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Activist fund KCGI ups ante against Hanjin

All Headlines 14:26 June 07, 2019

By Choi Kyong-ae

SEOUL, June 7 (Yonhap) -- After a brief hiatus, local activist hedge fund Korea Corporate Governance Improvement (KCGI) is again ramping up its pressure on Hanjin KAL Corp., the holding company of logistics-centered Hanjin Group which has been increasingly under pressure to improve its corporate governance and even change its management, industry sources said Friday.

Through its investment subsidiary Grace Holdings Ltd., KCGI -- the second-largest shareholder in Hanjin KAL, owning 16 percent of the corporation -- has demanded the Seoul Central District Court designate an auditor to review Hanjin KAL's appointment process for a new chairman.

It also asked the court to allow it to access documents regarding about 160 billion won (US$136 million) worth of loans local banks extended to Hanjin KAL late last year, according to Hanjin KAL.

Hanjin KAL said it will respond to the move according to legal procedures, while KCGI could not be reached for comment on the matter.

This image shows Hanjin KAL Chairman Cho Won-tae against the background of the holding firm's building in central Seoul. (Yonhap)

Hanjin KAL's board named late Chairman Cho Yang-ho's only son, Won-tae, as new chairman in April following his father's death. Its board approved the loans in December.

Hanjin KAL is the holding company of Hanjin Group, which has Korean Air Lines Co., budget carrier Jin Air Co. and other affiliates under its wing. Won-tae also took over the chairmanship of national flag carrier Korean Air, succeeding his father.

KCGI has previously taken issue with the loans Hanjin KAL took out. At a Hanjin KAL shareholder meeting in March, KCGI Vice President Shin Min-seok reportedly said the holding company took out 160 billion won in loans with a 4 percent rate, 100 billion won of which was placed in a savings account that offers an interest rate of around 1 percent.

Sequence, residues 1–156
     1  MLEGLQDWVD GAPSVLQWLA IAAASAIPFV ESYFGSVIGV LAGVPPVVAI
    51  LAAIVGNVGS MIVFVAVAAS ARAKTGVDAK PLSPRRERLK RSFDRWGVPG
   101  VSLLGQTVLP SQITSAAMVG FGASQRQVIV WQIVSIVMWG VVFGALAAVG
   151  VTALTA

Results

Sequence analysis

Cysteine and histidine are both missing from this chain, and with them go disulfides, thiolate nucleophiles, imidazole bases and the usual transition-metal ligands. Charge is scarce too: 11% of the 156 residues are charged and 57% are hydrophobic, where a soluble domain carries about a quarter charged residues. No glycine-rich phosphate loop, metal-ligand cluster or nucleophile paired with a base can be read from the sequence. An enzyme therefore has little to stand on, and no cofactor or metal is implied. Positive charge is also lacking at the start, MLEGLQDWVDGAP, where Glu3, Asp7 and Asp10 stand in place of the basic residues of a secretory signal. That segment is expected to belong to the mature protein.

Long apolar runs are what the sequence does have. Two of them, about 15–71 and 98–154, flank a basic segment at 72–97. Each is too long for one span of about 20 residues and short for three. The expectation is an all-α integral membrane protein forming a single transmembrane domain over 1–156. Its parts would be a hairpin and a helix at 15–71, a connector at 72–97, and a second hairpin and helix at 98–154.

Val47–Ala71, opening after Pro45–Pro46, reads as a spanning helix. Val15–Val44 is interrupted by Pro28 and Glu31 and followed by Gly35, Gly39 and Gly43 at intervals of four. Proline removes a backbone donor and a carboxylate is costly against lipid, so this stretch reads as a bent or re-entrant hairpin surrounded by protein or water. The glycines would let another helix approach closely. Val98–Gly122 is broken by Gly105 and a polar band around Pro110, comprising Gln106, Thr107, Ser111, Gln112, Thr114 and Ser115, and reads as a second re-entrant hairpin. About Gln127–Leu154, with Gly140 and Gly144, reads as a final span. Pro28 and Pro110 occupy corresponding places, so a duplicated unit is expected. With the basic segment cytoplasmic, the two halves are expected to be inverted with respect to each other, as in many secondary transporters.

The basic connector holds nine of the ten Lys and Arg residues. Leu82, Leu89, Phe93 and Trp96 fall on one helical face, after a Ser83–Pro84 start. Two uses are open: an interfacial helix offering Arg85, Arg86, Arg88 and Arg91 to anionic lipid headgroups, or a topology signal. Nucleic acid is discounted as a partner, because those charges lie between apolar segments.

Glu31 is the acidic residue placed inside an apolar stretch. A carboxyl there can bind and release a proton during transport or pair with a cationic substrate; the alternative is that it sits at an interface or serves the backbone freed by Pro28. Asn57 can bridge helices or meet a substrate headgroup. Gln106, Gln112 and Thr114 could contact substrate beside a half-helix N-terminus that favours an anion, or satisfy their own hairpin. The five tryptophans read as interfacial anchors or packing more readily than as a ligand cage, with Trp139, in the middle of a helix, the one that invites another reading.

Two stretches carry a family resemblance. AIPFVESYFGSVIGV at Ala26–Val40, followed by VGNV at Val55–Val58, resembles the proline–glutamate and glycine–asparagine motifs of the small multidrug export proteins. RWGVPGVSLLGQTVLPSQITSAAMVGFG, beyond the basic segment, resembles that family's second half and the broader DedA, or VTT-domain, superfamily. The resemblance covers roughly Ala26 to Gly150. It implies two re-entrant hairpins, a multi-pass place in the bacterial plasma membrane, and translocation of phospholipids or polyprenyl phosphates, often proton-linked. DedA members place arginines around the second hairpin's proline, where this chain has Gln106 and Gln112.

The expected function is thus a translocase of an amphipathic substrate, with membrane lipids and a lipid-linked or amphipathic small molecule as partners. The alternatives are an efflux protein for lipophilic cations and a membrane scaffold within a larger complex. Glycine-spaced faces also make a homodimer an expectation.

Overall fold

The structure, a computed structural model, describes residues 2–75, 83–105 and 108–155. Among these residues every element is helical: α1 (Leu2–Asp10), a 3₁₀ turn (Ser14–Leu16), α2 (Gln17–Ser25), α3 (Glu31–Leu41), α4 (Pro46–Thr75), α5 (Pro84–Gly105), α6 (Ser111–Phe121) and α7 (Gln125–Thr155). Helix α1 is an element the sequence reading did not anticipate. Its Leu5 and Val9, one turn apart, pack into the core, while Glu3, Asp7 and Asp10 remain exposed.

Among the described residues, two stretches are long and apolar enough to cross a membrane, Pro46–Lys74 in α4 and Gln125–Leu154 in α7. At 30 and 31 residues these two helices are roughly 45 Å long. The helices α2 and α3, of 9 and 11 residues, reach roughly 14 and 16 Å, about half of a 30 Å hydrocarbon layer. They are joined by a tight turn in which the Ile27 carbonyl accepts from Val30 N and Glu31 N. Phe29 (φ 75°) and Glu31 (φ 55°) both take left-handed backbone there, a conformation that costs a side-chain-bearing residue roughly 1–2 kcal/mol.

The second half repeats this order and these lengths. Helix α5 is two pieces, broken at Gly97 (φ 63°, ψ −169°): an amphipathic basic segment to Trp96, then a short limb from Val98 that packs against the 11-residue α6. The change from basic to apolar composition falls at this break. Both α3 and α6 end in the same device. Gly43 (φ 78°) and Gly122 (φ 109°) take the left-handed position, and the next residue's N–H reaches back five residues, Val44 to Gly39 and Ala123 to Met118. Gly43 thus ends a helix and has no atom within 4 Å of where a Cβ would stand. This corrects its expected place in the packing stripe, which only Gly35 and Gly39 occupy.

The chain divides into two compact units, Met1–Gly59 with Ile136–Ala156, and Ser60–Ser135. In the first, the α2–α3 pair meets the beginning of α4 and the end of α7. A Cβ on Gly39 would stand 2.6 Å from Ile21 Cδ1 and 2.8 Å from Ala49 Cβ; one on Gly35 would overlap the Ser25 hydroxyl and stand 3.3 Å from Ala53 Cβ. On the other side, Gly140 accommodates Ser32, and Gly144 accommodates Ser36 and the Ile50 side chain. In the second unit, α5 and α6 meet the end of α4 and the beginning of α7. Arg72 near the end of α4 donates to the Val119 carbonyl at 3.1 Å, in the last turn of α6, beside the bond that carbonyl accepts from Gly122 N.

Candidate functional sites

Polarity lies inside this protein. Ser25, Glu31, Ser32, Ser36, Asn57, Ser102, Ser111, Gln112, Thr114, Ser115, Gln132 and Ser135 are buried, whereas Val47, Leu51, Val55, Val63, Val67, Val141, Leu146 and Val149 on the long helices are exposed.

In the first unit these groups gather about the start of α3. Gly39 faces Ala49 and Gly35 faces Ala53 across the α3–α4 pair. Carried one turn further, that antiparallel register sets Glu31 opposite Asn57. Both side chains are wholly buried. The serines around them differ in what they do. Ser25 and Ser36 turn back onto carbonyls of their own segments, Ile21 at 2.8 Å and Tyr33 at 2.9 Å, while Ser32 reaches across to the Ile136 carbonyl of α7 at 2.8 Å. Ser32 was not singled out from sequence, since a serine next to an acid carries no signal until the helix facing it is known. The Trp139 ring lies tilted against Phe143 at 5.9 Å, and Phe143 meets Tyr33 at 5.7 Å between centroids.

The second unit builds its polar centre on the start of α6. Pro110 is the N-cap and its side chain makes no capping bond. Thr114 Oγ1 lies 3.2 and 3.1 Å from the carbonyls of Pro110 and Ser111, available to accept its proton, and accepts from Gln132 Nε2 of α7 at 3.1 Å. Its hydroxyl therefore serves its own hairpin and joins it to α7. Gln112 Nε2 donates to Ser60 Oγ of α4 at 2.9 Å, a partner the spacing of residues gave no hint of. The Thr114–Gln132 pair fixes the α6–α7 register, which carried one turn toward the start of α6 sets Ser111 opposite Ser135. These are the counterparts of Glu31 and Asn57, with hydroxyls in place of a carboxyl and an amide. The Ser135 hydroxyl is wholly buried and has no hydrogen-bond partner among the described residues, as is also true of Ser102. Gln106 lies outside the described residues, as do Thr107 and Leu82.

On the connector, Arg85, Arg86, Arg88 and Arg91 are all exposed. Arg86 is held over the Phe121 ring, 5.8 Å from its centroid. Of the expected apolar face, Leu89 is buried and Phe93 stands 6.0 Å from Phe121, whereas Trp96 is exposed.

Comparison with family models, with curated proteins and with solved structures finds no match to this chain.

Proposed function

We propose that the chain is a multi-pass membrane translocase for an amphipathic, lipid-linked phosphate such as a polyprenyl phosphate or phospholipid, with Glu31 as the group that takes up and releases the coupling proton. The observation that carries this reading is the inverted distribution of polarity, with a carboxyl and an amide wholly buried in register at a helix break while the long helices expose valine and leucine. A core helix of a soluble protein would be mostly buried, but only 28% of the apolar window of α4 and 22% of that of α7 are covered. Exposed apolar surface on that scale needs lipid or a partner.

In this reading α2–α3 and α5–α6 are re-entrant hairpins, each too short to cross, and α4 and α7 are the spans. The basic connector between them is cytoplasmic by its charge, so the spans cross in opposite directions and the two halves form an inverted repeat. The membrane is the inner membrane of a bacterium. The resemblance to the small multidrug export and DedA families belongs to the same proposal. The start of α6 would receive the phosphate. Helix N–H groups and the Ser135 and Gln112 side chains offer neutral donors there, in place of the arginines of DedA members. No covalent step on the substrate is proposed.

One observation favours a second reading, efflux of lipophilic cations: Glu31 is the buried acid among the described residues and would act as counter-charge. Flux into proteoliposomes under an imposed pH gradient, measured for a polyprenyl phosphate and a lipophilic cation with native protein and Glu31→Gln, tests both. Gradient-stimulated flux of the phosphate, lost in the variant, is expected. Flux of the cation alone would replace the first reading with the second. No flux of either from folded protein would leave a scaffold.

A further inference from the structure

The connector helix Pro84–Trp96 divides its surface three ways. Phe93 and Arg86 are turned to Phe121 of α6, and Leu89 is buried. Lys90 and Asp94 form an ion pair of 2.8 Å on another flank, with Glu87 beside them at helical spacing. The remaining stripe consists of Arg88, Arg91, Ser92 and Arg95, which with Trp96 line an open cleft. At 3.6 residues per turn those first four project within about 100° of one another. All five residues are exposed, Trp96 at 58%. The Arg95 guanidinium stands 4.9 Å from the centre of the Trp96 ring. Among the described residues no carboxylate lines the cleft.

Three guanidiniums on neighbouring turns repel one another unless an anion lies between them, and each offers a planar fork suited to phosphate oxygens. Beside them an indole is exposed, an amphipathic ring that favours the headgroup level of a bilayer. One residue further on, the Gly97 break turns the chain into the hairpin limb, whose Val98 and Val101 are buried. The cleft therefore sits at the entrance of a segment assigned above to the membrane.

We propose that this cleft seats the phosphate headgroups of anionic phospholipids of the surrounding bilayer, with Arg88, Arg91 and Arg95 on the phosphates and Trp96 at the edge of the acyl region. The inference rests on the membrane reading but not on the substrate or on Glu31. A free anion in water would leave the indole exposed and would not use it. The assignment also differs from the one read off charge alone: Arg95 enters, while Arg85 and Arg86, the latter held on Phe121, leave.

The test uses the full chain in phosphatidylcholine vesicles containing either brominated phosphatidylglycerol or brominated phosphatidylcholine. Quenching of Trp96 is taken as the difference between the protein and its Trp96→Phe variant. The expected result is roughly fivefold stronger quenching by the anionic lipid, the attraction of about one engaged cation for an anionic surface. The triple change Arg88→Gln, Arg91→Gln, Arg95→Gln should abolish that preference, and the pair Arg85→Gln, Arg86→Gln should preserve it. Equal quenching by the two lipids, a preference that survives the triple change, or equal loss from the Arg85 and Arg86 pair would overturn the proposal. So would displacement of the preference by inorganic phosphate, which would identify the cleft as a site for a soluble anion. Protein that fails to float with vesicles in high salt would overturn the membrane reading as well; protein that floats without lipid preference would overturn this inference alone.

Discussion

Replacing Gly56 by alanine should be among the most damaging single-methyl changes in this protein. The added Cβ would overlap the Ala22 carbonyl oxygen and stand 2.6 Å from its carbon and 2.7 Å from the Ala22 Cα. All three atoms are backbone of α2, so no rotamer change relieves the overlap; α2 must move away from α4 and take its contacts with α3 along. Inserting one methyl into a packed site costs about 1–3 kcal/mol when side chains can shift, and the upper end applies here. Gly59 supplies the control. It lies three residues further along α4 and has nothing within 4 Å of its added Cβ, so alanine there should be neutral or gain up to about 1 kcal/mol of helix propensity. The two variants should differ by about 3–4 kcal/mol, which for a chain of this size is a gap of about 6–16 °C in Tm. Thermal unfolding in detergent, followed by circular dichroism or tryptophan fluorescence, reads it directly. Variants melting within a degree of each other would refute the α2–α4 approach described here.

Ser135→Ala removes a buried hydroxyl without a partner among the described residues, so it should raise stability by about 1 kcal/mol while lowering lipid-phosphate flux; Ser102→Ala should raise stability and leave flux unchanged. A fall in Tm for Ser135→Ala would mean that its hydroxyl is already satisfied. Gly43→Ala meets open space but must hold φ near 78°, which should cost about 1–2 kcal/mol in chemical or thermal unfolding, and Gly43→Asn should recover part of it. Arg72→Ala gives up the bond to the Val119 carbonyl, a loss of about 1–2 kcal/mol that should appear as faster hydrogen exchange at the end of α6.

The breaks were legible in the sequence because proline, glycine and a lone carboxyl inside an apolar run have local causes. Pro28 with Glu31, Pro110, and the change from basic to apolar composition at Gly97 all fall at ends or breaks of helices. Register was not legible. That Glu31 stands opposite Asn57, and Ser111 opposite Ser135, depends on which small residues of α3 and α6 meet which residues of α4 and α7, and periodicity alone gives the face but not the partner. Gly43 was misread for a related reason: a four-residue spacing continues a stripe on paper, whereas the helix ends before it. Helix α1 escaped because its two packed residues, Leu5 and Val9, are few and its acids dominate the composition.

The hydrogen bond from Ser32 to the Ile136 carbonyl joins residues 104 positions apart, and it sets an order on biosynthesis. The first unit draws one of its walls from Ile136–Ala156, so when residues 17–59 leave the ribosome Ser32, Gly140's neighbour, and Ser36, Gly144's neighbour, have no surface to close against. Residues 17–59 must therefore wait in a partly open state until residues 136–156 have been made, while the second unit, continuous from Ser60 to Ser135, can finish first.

With the loans, Hanjin KAL's assets climbed to over 2 trillion won, forcing the company to comply with regulatory rules, such as creating an audit committee instead of having a single auditor.

Under the country's commercial law, if an audit committee is set up, shareholders are allowed no more than a 3 percent say in the make-up of the committee, no matter how many shares they have, which means KCGI's interest will be capped at the threshold.

But under a single auditor scheme, only the biggest shareholder is subject to the 3-percent cap rule.

The home-grown fund is also questioning whether Won-tae's appointment as Hanjin KAL chairman was made in accordance with proper procedures. It also asked Hanjin KAL whether the severance for the late Chairman Cho Yang-ho has been paid in accordance with proper regulations and what the exact amount is.

The legal move and other requests come amid speculation that the severance package and some of the loans could be used to pay the Cho family's inheritance taxes.

In a recent regulatory filing, KCGI also said its stake in Hanjin KAL increased to 15.98 percent from 14.98 percent.

The Cho family and other relatives together hold a 28.93 percent stake, including 17.84 percent held by the late chairman, in Hanjin KAL. The National Pension Service owns a 7.34 percent in the firm.

With an accumulated stake, KCGI is widely expected to put pressure on Hanjin KAL to make some changes to the management of Hanjin Group, the country's 14th-biggest conglomerate by assets.

kyongae.choi@yna.co.kr
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